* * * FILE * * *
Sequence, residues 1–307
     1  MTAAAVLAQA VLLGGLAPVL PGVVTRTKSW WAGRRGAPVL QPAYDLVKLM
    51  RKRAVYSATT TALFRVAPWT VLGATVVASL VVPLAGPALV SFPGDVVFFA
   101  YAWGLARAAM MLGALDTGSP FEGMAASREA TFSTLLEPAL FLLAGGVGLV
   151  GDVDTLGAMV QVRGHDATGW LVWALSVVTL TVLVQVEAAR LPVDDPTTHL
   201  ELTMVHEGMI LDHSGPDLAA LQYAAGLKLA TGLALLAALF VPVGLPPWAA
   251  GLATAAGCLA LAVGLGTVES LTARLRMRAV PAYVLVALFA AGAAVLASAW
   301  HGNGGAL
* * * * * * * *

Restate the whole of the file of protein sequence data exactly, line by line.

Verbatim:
Sequence, residues 1–307
     1  MTAAAVLAQA VLLGGLAPVL PGVVTRTKSW WAGRRGAPVL QPAYDLVKLM
    51  RKRAVYSATT TALFRVAPWT VLGATVVASL VVPLAGPALV SFPGDVVFFA
   101  YAWGLARAAM MLGALDTGSP FEGMAASREA TFSTLLEPAL FLLAGGVGLV
   151  GDVDTLGAMV QVRGHDATGW LVWALSVVTL TVLVQVEAAR LPVDDPTTHL
   201  ELTMVHEGMI LDHSGPDLAA LQYAAGLKLA TGLALLAALF VPVGLPPWAA
   251  GLATAAGCLA LAVGLGTVES LTARLRMRAV PAYVLVALFA AGAAVLASAW
   301  HGNGGAL